she graduated from the University of Idaho and not one of those plush,
pampered commodes of received opinion whose graduates, in their rush to
believe the worst about her, have demonstrated that, when it comes to
sifting evidence, they don't know their asses from their elbows.
Democrats are going to wake up from their sadomasochistic, anti-Palin
orgy with a very big hangover. The evil genie released during this
sorry episode will not so easily go back into its bottle. A shocking
level of irrational emotionalism and at times infantile rage was
exposed at the heart of current Democratic ideology -- contradicting
Democratic core principles of compassion, tolerance and independent
thought. One would have to look back to the Eisenhower 1950s for
parallels to this grotesque lock-step parade of bourgeois
provincialism, shallow groupthink and blind prejudice.
Sarah Palin, and I've heartily enjoyed her arrival on the national
stage. As a career classroom teacher, I can see how smart she is -- and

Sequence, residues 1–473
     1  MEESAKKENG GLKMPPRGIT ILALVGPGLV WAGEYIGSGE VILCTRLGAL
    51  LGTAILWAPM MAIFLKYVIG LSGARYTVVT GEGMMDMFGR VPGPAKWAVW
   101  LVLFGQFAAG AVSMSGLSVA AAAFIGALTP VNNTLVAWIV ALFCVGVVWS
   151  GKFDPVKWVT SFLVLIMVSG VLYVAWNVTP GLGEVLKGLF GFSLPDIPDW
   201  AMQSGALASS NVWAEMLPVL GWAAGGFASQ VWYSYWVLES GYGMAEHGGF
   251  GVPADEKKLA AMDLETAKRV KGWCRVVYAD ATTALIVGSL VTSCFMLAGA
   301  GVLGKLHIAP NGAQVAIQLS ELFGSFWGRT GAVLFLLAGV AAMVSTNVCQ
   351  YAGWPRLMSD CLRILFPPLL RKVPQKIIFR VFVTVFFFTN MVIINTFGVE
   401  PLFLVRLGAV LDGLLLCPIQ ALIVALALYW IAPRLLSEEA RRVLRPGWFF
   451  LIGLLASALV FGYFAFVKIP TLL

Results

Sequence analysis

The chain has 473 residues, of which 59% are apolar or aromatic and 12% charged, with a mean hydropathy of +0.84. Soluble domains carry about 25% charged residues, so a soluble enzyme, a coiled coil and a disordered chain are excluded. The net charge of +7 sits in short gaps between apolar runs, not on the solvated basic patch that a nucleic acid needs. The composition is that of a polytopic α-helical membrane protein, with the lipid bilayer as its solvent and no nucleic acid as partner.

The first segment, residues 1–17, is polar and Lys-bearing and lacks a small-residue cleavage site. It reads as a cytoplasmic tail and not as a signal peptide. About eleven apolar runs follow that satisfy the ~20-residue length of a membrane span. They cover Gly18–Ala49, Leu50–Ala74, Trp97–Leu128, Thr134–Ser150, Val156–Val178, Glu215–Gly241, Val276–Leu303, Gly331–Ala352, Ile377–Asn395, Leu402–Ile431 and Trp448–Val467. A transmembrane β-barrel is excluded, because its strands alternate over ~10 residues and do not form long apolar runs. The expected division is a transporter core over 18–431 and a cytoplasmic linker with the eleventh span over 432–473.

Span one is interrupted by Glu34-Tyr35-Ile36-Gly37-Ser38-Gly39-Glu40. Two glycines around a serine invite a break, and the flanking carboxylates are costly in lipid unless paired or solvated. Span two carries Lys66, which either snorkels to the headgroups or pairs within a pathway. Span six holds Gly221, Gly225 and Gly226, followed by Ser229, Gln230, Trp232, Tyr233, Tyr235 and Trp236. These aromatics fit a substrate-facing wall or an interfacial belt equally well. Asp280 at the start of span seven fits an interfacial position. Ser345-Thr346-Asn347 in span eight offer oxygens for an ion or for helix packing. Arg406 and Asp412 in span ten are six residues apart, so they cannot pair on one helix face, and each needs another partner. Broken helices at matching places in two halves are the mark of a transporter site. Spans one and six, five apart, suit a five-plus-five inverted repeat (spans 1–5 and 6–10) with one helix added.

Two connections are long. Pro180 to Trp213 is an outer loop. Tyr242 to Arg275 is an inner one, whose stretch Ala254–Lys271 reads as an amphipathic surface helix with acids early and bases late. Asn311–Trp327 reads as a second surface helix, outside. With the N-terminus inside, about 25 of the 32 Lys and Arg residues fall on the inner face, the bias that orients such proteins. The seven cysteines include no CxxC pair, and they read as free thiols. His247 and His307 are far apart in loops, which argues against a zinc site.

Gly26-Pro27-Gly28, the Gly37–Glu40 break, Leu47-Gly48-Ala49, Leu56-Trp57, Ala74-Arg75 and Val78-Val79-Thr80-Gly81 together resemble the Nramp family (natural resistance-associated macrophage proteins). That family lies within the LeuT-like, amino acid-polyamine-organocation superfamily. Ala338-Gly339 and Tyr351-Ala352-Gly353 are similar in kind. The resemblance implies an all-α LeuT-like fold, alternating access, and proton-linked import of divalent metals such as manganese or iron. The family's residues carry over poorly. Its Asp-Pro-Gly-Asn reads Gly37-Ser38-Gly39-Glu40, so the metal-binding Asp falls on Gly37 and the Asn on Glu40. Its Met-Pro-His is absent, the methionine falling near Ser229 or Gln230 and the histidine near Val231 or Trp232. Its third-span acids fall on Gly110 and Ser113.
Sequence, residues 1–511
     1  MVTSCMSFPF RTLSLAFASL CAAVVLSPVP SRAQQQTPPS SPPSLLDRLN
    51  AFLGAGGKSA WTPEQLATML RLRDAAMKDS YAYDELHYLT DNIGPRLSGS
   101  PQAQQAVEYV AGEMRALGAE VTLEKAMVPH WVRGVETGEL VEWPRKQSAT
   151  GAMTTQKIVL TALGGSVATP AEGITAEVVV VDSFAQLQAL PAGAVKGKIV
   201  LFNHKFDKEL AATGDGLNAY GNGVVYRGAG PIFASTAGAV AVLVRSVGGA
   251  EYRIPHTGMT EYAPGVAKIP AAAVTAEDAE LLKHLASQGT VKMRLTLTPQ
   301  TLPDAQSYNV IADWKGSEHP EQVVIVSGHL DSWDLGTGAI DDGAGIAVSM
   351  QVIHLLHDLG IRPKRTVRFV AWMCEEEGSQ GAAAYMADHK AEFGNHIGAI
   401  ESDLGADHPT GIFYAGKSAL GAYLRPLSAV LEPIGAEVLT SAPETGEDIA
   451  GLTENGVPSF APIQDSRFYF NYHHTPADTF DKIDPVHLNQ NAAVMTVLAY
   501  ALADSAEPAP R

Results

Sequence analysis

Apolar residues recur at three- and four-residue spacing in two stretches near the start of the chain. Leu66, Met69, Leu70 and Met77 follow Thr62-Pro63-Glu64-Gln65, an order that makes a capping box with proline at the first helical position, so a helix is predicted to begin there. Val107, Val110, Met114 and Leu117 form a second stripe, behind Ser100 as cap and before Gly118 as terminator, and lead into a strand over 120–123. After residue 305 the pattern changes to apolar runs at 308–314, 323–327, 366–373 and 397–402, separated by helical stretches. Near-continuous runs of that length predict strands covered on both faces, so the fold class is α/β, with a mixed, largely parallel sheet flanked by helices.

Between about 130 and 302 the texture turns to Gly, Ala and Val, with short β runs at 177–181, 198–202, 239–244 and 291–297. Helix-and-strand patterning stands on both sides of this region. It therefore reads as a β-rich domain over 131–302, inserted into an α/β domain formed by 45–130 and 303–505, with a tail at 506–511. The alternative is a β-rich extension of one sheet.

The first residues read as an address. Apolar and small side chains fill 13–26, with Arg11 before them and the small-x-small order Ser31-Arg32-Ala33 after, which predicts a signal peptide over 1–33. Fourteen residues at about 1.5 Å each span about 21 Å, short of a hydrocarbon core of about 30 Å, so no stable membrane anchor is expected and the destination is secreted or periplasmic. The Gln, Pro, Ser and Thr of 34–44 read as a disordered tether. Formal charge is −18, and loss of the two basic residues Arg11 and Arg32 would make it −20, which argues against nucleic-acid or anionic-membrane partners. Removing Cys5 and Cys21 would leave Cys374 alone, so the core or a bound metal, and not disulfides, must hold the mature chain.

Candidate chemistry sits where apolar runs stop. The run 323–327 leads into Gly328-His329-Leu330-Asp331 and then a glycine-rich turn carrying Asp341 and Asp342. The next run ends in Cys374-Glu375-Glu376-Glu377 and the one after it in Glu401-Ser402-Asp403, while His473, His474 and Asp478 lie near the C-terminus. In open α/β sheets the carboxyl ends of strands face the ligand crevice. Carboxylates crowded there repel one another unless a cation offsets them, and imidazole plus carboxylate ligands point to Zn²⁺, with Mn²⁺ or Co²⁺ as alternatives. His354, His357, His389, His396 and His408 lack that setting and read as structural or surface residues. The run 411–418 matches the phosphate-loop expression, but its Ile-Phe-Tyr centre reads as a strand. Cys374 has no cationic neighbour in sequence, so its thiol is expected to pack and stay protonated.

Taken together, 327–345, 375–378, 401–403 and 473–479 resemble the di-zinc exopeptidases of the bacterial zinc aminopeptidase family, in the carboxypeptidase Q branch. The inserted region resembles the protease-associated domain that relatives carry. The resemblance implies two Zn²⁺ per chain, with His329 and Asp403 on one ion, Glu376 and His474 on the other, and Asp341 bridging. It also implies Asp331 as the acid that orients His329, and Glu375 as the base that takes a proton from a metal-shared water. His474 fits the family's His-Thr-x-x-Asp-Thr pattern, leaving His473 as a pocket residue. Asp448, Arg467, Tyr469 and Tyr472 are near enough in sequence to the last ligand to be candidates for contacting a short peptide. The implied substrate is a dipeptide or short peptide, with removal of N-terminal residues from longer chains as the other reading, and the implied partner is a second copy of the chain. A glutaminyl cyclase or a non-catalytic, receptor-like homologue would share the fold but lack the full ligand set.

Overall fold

quite frankly, I think the people who don't see it are the stupid ones,
wrapped in the fuzzy mummy-gauze of their own worn-out partisan dogma.
So she doesn't speak the King's English -- big whoop! There is a
powerful clarity of consciousness in her eyes. She uses language with
the jumps, breaks and rippling momentum of a be-bop saxophonist. I
stand on what I said (as a staunch pro-choice advocate) in my last two
columns -- that Palin as a pro-life wife, mother and ambitious
professional represents the next big shift in feminism. Pro-life women
will save feminism by expanding it, particularly into the more
traditional Third World.
Catch this about William Ayers and his wife, Bernardine Dohrn and don't miss Paglia's slam of the national media at the end.